SCOUTING THE RED RAIDERS
Tech has beaten everyone it has supposed to, but stumbled in losses to Auburn and Iowa State. Its best win is a road victory over Richmond, but the Spiders don't appear as stout as in years past.. The Red Raiders were very competitive in both of those losses, however, and look to have taken another improvement step from the team that went to the NCAA tournament a year ago.
The Red Raiders have been riding the experience of a veteran roster that has grown up through the Big 12 wars, and isn't fazed no matter the competition. Junior Keenan Evans (6-3, 185 lbs.) is a consistent shooter from all ranges, and leads the team with 13.5 points while managing to pass it enough to stand second in assists. Senior Devon Thomas (6-0, 175 lbs.), who moved into the starting lineup after a short stint as a reserve, is averaging almost five assists for every turnover, pacing a team that has protected the ball well through its first baker's dozen of games. Junior Justin Gray (6-6, 210 lbs.) rounds out the three-guard set, but plays closer to the hoop then the other guards, as befits his height. He's averaging 9.7 points and 6.3 rebounds per contest.
On the front line, Anthony Livingston does it a bit of everything. The 6-8 senior forward averages 13 points and five rebounds per outing, and also passes it better than any of the other bigs on the Tech roster. Junior Zach Smith is the anchor, tallying 11.8 points and eight rebounds while also serving as a defensive force. He has 21 blocks and is very good at coming off the ball to reject shots as a help side defender.
That's just the start of the Red Raiders' experience, however. Junior college transfers Shadel Millinghaus (7.1 points) and Niem Stevenson (7.3) are adding scoring punch off the bench. Aaron Ross (6-8, 215 lbs.), who missed five games in the middle of the non-conference season, has been a big spark, providing mid-range shooting and scoring close to the rim as well as rebounding bulk.
WVU may not be able to coax as many turnovers from Tech as it did from Oklahoma State. The Red Raiders have handled the ball well as a team, and have two different players who can direct the offense. The Mountaineers can't focus on taking one or two players out of the game, and will have to recover well in transition from the press to halfcourt defense to keep the home team in check.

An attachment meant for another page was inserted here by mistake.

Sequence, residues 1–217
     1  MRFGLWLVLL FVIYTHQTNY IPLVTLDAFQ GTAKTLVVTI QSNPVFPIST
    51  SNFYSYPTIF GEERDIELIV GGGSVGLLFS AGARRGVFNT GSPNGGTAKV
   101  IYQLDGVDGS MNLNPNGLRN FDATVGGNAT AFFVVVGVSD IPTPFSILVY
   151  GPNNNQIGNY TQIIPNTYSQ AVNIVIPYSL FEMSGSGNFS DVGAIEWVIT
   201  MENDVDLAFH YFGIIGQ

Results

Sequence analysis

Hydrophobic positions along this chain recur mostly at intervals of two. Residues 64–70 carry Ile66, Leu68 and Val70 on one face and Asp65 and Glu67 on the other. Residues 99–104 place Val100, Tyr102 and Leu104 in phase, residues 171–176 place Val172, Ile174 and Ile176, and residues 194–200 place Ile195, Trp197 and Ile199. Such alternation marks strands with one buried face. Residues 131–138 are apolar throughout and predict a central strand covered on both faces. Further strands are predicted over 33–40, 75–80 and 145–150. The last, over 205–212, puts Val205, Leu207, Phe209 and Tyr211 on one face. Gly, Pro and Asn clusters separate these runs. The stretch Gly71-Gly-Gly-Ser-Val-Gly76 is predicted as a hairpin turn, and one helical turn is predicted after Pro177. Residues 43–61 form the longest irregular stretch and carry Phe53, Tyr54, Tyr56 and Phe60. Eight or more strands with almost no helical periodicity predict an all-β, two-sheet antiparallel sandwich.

Texas Tech has been able to run its offense and produce better shots than in previous years, and with six seniors and a like number of juniors on the roster, are quite savvy. Head coach Chris Beard has blended his returning veterans with some junior college imports to produce a team that's able to score across the board. Like West Virginia, Tech doesn't have to rely on one or two volume scorers to stay in games.
|WVU (12-1 / 1-0) vs. TTU (11-2 / 0-1)||Tue Jan 3||9:15 PM EST|
|United Supermarkets Arena||Lubbbock, TX||Series: WVU 9-1|
|RPI: WVU - 33 TTU - 93||TV: ESPNNEWS||Sirius/XM: 81/81|
What does power Tech is good shooting. The Red Raiders top WVU in effective shooting percentage (which factors in the higher difficulty of 3-point shots) by the margin of 57.4% to 54.7%, and barely trail the Mountaineers in offensive efficiency, averaging 1.17 points per possession as opposed to West Virginia's 1.19. That will turn the spotlight on productivity for both teams – which squad makes the most of each chance with the ball?
Tech also figures to challenge WVU's offensive rebounding drive. Tech is grabbing almost 82% of the available defensive rebounds it sees – an excellent percentage. WVU is getting nearly 40% of its misses, setting up a classic duel when Mountaineer shots go up. The team that can change its opponent's number by, say, 10%, will have a big advantage.
The Red Raiders will be scrapping to avoid an 0-2 league start, which would be a disappointment given its non-conference run. A road loss to Iowa State is no shame, and a defeat at the hands of WVU wouldn't be either, but an 0-2 start is a psychological hole that might be difficult to overcome. Expect the home team to put up a massive fight in this one.
Tech big Norense Odiase has played in a couple of games since his return from a foot injury, and is providing a boost for the Red Raiders. His showing in the box score has been inconsistent, but he provides more depth and another big body for Beard.
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Texas Tech converted 32 of its 34 free throw attempts in last year's game in Lubbock to nearly win the game. The Red Raiders are again highly efficient at the line this year, making almost 75% of their tries. Only one player is making lower than 69% of his chances this year.
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Center Elijah Macon has practiced with WVU and could be available for duty. However, the Mountaineers have the luxury of several options up front. Brandon Watkins and Sagaba Konate have been playing well, but Nathan Adrian can slide down to a straight post position if need be, and Logan Routt is also available for duty. Head coach Bob Huggins has praised Routt's practice performance recently, and while it might be hard to imagine him getting his Big 12 baptism in a road contest, Huggins has shown that he will make unorthodox or unexpected moves if he believes a player is ready.
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Red Raider backup forward Thomas Brandsma has played for head coach Chris Beard at McMurry University (2012-13), Angelo State (2013-14, 2014-15), Little Rock (2015-16) and Texas Tech (2016-17). Apparently he received a volume discount on transfers.